One taste of Chef Jay Silva's sweet potatoes at the Eat, Drink and Be Fair event and I was intrigued enough to learn more about his cooking at Bambara in Cambridge. So, when an invitation appeared in my "In-Box" to try out his restaurant, I happily agreed.
Bambara is a perfect place for a "date night" for a few reasons. First, it is the apex of convenience. I suspect that like us, most parents have no time to actually shop. So the fact that it is literally attached to the Cambridgeside Galleria can make it a bonus to have a great meal after buying some clothes or gifts. When we arrived on a night with driving rain, we also were thankful for the inexpensive parking garage that makes it simple to find parking in Cambridge.
The restaurant itself has the potential to be pretentious and clubby. It is anything but. Instead, the modern furniture and warm service from our waiter, Mustafa, made us feel welcome.
The curved and plush booth was a romantic twist for my birthday meal, while a chance to have dessert by the open kitchen gave us a chance to chat with Chef Silva.
Mustafa helped to steer us towards drinks that are on their "Cocktails for a Cure" Menu. The Grapefruit Spritzer was crisp and refreshing while the Orange Blossom Fizz had a flowery taste from the St. Germain. We closed the night with a "Morning Daiquiri," which tasted better than the description of rum mixed with orange marmalade!
The Chef treated us to tasting portions of a number of the dishes to give us a sense of his cooking. While he trained at the Newbury College's Culinary Program, he cooked at both the Ritz and Pho Republique. So, he has both French and Asian influences on the menu. Yet he also calls his food "Contemporary American". What I noticed was a menu that had a nice balance of meat, fish and vegetarian options, as well as both small and more substantial options.
We started with two different appetizers. My husband had arancini filled with short ribs.
These risotto balls had the soothing comfort of meatloaf and were a substantial starter.
I enjoyed the arugula salad that was topped with spiced walnuts and fried goat cheese. It was gooey, rich and delicious.
Next, I enjoyed the lobster sliders. These also came with a delicious side of greens.
The buttery rolls could have been a light meal in themselves. What I enjoyed most was the fact that the lobster was warm and wasn't coated with mayonnaise.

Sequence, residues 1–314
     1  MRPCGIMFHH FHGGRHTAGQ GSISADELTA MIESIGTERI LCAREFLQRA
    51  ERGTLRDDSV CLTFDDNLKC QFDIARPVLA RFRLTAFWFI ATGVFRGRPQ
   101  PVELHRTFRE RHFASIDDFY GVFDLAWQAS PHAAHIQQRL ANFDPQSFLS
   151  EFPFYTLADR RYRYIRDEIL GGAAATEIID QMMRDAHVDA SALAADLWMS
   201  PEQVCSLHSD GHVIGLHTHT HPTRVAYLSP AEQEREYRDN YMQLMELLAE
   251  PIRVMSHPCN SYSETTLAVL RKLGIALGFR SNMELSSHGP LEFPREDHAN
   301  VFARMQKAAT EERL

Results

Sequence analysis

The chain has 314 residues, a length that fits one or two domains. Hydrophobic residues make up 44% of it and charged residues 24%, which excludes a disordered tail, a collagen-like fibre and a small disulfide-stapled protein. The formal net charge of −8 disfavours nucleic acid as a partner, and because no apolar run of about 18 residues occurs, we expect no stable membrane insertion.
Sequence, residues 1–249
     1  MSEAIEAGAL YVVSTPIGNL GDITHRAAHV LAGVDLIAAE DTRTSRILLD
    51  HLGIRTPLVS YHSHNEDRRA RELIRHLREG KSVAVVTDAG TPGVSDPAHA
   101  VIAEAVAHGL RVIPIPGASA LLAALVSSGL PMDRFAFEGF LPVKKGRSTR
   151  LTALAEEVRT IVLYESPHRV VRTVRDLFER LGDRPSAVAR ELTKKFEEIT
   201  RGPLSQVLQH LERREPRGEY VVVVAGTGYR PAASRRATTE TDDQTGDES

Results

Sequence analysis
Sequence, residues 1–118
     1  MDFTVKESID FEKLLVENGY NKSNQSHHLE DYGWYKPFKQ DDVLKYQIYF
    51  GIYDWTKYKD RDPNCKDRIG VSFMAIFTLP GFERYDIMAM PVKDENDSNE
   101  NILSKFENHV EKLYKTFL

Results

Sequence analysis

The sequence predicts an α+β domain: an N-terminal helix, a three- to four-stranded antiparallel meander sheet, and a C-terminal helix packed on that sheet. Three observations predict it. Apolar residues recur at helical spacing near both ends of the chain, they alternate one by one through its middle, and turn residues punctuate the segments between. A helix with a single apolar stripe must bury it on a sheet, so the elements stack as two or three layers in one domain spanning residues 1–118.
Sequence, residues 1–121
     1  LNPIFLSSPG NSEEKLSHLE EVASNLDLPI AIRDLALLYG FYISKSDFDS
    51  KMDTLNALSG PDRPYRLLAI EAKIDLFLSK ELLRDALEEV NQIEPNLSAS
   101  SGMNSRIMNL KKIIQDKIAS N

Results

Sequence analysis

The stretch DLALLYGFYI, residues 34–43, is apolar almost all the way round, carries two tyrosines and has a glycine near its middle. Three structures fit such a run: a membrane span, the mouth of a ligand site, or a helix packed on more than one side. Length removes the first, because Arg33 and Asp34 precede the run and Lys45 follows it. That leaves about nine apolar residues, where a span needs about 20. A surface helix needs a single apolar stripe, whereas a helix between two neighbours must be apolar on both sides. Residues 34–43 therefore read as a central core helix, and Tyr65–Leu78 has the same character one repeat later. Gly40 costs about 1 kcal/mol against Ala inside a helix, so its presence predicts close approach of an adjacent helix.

Next, my husband had a tasting portion of the pumpkin risotto.
This was a dish that has potential. The pumpkin flesh and seeds added contrast and depth.
However, the balsamic was too acidic for this dish and marred the more soothing flavors. I tried another fall speciality: a spicy squash bisque with coconut milk. Tasting of curry in a bowl, it was warming and filling.
Next, I had the weakest dish of the night: tuna tartare. Perhaps I have been spoiled by other versions, but this would have been stronger if the tuna was chopped less finely (e.g. diced to retain the texture) and with less of the binder.
The best tuna tartare are the most simple, letting the meatiness of the tuna shine through.
However, my husband's main dish was a true success.
First, the skirt steak was cooked perfectly and the accompanying sauce added, rather than detracted from the dish. We couldn't stop eating the "frites."
These french fries are cooked in fresh oil in their own fryer. This means that they were clean and crisp. Yet they were also fried with fresh rosemary, adding a subtle pine to the dish. The slow roasted tomatoes that were served on the side were so good, that they could be the centerpiece of another dish.
My main dish had 3 good elements. The scallops, perhaps due to the Chef's French training, were seared perfectly.
The smoked tomatoes still tasted of summer, despite it being November. The pulled pork was rich and would have been delicious on its own, in say, a pork slider. I never grasped these parts together. Together they lost what made each one good enough on its own.
We ended the meal with two treats. First, we sat aside the open kitchen, giving us a chance to talk with Chef Silva.
We also enjoyed a decadently rich and sweet date cake (or pudding.) The vanilla ice cream from Christina's was as heavenly on its own as it was melting on top of the toffee like dessert.
After a few hours there, we were well fed and relaxed: a perfect feeling at the end of a long week.
Bambara, 25 Edwin H. Land Blvd (the Hotel Marlowe), Cambridge, 617-868-4444